Gregory Campbell: I understand his family’s grief and his role in the peace process, but the truth about Martin McGuinness must be told
The passing for any family of a husband, father and grandfather is obviously a time of sadness for the family. It is entirely appropriate they are given space to grieve and those who wish to pay their respects can do so.
When it is someone as controversial as the former Deputy First Minister Martin McGuinness, it is essential that the truth insofar as is possible, is told about the life that was lived and how it affected others.
Much has been made of his move from guns to government. Upon news of his death I was inundated by scores of media interview requests. Media wanted my reaction, given the experiences of my community in Londonderry at the hands of McGuinness’s PIRA.
However, I wanted, in deference to the immediate family, to allow that grieving process and burial to take place before commenting in detail.
Sensitivities are very important and I fully understand the grief the McGuinness family will be going through, at the same time the truth must and will be told.
Eulogies have been given and tributes paid as Martin McGuinness had undergone a dramatic transformation.
He more than any other individual brought violent Irish republicanism to the democratic table. We will probably never know, however, whether this was because he helped initiate it or responded to events that he knew were inevitable after 9/11 and the Provos being riddled with informers.
There also reached a point where the wider community was becoming more war weary after the 1969 pogroms had dragged on into the 1980s and then the ceasefires. McGuinness threw himself into the whole peace process with as much enthusiasm as he did the violence when he was the second-in-command of the Londonderry brigade of the PIRA. It is important that people understand the context of his rise to prominence.
Before 1969 there were obviously massive social problems across Northern Ireland. Londonderry was not immune from those. The communities were reasonably mixed. The West Bank had some 10,000-12,000 Protestants living mainly in mixed estates. Once the violence, orchestrated by Martin McGuinness’s IRA began, that changed. Almost 50 years later the situation remains the same. Today there are more than 60,000 citizens who live on the West Bank, only around 1,000 of them are Protestant.
There has been no comparable degree of ethnic cleansing anywhere else in modern day UK. This was not some large swathe of anonymous ‘communities’ that I refer to but MY community. Family, friends, neighbours who were intimidated, threatened and sometimes murdered as the exodus took hold.
Then the larger scale slaughter began across Northern Ireland and continued through the 1970s, 1980s and into the 1990s.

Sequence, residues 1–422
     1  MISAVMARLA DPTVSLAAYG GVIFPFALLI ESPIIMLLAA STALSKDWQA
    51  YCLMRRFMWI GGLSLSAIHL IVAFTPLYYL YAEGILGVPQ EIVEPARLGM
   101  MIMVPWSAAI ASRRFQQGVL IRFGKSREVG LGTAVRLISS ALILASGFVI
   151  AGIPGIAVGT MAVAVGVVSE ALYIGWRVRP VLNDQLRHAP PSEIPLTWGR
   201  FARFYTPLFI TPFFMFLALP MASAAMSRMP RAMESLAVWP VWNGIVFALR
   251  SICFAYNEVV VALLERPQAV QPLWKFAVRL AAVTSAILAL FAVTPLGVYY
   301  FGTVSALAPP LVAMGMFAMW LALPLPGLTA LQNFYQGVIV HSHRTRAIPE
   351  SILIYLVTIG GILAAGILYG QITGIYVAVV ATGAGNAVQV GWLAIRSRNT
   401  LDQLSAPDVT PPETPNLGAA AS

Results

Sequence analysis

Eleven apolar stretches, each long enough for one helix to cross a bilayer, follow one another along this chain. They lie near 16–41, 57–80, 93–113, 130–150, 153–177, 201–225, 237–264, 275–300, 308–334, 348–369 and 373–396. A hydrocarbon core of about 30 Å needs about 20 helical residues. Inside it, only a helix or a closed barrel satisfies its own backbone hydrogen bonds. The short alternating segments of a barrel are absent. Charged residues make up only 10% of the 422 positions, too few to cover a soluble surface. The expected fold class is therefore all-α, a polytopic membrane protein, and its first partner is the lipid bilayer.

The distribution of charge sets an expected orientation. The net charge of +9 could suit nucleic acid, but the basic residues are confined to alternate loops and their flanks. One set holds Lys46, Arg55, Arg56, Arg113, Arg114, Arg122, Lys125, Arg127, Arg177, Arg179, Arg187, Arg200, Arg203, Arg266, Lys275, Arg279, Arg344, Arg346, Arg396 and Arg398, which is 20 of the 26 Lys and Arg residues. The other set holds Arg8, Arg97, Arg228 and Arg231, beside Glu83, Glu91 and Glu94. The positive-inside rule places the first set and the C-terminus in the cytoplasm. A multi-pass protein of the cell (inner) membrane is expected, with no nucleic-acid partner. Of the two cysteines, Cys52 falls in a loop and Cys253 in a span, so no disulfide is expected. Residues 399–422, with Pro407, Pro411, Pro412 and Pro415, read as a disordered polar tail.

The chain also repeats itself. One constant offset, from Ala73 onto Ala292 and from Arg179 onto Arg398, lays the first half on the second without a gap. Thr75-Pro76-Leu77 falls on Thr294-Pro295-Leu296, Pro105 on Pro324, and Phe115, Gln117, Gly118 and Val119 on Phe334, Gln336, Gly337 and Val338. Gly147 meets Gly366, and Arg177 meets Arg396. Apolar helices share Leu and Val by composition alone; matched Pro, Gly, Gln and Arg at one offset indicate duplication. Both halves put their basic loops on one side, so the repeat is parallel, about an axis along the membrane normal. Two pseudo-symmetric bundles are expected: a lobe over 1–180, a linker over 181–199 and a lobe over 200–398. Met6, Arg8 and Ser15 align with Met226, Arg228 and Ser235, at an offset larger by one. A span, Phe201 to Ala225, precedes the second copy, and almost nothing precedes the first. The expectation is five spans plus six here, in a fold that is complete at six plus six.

The disadvantages that Martin McGuinness faced were similar to those that I faced.
Catholic and Protestant working-class communities faced the same disadvantage, the same discrimination and the same lack of opportunities. The crucial difference is that I didn’t kill anyone to try and bring about change.
It is undoubtedly the case that Northern Ireland is a transformed place compared to during the Troubles. On each occasion from the mid-1990s when we reached the proverbial ‘fork in the road’ political leaders had a choice to make, and it is most certainly the case that tough calls had to be made and were made, by both republicans and unionists.
Since then we have tried to help bring closure to the many victims of violence.
On numerous occasions I attempted to ascertain what role McGuinness played in the Claudy bomb, the murder of the census taker Joanne Mathers, the security worker Patsy Gillespie, whose murder along with five soldiers became known as the human bomb incident. I also raised the murder of two prison officers on the West Bank and many others.
On every single occasion I approached McGuinness about these atrocities he always denied participation in, and even knowledge of, any of them. This compounded the sense of grievance of many victims.
How could someone reach such a senior position within an organisation whose expertise was in killing people, without doing any of the killing, or knowing anything about those who did?
Those who have reported that his legacy will be mixed are right.
Without him and others like him there may not have been a relatively successful peace process. However, without him and others like him, we wouldn’t have needed one.